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In Photoshop CS4: Layer Masks in Depth, Jan Kabili takes an in-depth look at using layer masks to create professional-looking image composites and make targeted photo corrections. Jan examines some common situations in which layer masks are the key to creating convincing image composites. She demonstrates practical ways to enhance photos with layer masking, including masking adjustment layers and Smart Filters to affect part of a photo. She explains how to use layer masks to combine different exposures of the same scene, and teaches how to work with vector masks to achieve a clean, graphic look. Exercise files accompany the course.
In this movie, I'd like to show you a couple of ways in which vector masks and layer masks inter-relate. The first thing I want to tell you is that you can use both a layer mask and a vector mask on the very same layer. Why would you want to do that? Because there are some things you can do on a layer mask that you cannot do on a vector mask. For example, let's say that I want to hide some of the snowflakes here and I'd like to make the girl's white sweater somewhat translucent so we can see down through it, to the winter scene below. You've learned in other movies that you can do that using a layer mask to which you've added a gray-scale Gradient to gradually fade content.
But here on the girl layer, where I have a vector mask, I can't do that. If I select the vector mask and then I get the Gradient tool and I try to draw a Gradient, I end up drawing the Gradient on the image itself, rather than on the vector mask. I'm going to undo by pressing Command+Z on the Mac, Ctrl+Z on the PC. So, if I want to gradually fade those parts of the image out, I'm going to have to add a layer mask in addition to the vector mask. That's easy to do, all I have to do is make sure that girl layer is selected and then go down to the bottom of the Layers panel and click on the Add Layer Mask icon as usual.
Now, there are three thumbnails on the girl layer. The image thumbnail on the left, the vector mask thumbnail on the right and the new layer mask thumbnail in between, that's filled with white pixels, so it's currently having no effect on the image. It doesn't matter whether the vector mask thumbnail is highlighted or not, I'm going to click on it, so that it's not highlighted, so that I don't have to look at the outline around the sweater and snowflakes. I still have the layer mask thumbnail targeted in the Layers panel and I'm now going to add a gray-scale Gradient to that layer mask, as I've showed you how to do earlier in other movies.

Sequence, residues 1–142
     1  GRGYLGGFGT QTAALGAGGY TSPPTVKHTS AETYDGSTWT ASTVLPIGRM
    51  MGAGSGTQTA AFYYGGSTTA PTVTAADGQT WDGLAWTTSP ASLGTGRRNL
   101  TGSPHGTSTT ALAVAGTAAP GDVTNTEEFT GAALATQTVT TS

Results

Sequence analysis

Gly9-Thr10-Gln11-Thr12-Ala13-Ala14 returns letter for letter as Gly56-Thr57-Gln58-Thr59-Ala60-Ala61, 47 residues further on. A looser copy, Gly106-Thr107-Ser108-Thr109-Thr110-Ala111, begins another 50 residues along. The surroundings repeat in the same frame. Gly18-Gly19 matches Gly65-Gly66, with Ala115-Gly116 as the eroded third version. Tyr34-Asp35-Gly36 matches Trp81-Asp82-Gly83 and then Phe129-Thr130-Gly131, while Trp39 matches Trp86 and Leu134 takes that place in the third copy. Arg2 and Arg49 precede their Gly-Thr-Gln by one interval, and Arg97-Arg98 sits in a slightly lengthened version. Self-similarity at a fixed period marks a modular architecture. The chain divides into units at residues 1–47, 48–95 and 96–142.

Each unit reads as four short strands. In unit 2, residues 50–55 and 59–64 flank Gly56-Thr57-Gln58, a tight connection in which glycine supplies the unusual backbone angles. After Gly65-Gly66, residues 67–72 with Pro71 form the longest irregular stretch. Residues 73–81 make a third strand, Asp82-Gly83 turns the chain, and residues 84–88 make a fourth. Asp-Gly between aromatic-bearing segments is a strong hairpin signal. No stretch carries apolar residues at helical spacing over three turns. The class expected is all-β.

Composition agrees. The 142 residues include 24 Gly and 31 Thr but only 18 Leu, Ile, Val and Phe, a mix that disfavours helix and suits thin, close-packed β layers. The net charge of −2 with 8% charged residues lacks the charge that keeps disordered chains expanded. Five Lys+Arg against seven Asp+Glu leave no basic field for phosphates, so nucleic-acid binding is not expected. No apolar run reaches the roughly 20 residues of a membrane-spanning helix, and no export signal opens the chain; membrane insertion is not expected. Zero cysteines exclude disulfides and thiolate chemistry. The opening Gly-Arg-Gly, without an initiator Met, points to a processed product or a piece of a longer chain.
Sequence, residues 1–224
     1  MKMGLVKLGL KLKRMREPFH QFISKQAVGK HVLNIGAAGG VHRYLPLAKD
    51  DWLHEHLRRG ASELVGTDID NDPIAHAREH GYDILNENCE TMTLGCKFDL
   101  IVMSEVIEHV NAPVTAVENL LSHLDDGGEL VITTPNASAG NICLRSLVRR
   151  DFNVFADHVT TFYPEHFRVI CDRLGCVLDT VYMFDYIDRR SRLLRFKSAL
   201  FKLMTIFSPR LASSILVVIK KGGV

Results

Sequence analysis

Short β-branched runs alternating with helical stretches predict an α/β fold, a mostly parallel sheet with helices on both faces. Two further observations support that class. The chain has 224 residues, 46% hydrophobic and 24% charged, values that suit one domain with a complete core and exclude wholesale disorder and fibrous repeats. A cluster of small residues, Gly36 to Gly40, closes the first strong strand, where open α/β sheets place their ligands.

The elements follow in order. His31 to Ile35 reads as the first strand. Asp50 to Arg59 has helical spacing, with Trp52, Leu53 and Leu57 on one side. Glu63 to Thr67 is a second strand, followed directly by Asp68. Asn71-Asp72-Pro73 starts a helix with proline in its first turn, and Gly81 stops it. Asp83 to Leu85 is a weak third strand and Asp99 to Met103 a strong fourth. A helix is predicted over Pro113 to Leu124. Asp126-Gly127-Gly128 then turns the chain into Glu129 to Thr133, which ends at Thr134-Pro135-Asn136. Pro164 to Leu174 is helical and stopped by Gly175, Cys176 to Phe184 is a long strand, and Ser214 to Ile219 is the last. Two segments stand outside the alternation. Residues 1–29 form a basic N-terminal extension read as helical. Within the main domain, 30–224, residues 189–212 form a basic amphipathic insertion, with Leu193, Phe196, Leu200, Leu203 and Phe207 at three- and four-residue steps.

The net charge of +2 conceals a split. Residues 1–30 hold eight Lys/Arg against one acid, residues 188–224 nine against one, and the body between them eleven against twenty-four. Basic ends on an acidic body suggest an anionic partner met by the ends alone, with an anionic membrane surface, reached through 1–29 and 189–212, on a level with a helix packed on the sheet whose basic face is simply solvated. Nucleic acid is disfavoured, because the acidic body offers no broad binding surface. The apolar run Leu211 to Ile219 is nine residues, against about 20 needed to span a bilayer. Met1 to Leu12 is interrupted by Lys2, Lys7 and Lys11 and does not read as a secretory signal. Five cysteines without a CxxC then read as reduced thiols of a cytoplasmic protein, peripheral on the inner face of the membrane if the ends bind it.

So I'll get the Gradient tool, I have black as my foreground color and white as my background color, and in this Options Bar, I have the Linear Gradient shape selected. I'll move into the image and I'm going to start down here at the bottom and I'll drag a Gradient line up. As you can see, the gray-scale Gradient on the layer mask is now hiding part of the content of the girl layer, including part of the content that lives on the vector mask. Like these snowflakes down here at the bottom. If I want to fine-tune that mask, I could paint on the mask, or I could make a selection and fill it with gray, or black, or white.
So that's how a layer mask and a vector mask can be used together. The layer mask to create a gradual fade, or a soft edge painted area, and the vector mask to create hard, crisp outlines. Now I'm going to delete that layer mask by clicking on it and dragging down to the Trash Can at the bottom of the Layers panel, and I'll click Delete. I'm doing that because I want to work only with the layer mask for now. Because what I'd like to show you is that there may be times when you need to do something to a mask that you can't do on a vector mask. For example, let's say that I wanted to filter this mask, or I wanted to paint on this mask.
I can't do it on the vector mask but I can do it if I convert the vector mask into a layer mask, and here's how you do that. I'll select the vector mask on the girl layer and then I'm going to go up to the Layer menu at the top of the screen, and I'm going to go down to Rasterize, which is a fancy word for converting to a pixel-based image. From there I'll choose Rasterize > Vector Mask, and that's all I have to do to turn that vector mask into a regular layer mask. With that layer mask highlighted in the Layers panel. You can tell it's a layer mask because it tells you that right up here in the Masks panel, where it says Pixel Mask.
Now that that's a regular layer mask, I can do anything I normally could do with a layer mask. So for example, I could run a filter on this layer mask. With the layer mask thumbnail selected, I'll go up to the Filter menu, and I'm going to go down to Pixelate and Color Halftone. I'll click OK, and as you can see, that filter is affecting the layer mask, not the image itself, because if I turn the layer mask off by holding the Shift key and clicking on the layer mask thumbnail, you don't see the effect of that filter.
And then I'll click on the layer mask thumbnail again to make it active. So those are a couple of ways in which layer masks and vector masks interrelate. You can use both the layer mask and a vector mask on the same layer, and if necessary, you can convert a vector mask into a layer mask so that you can paint on the mask, or filter the mask, or do other things that won't fly on a vector mask.
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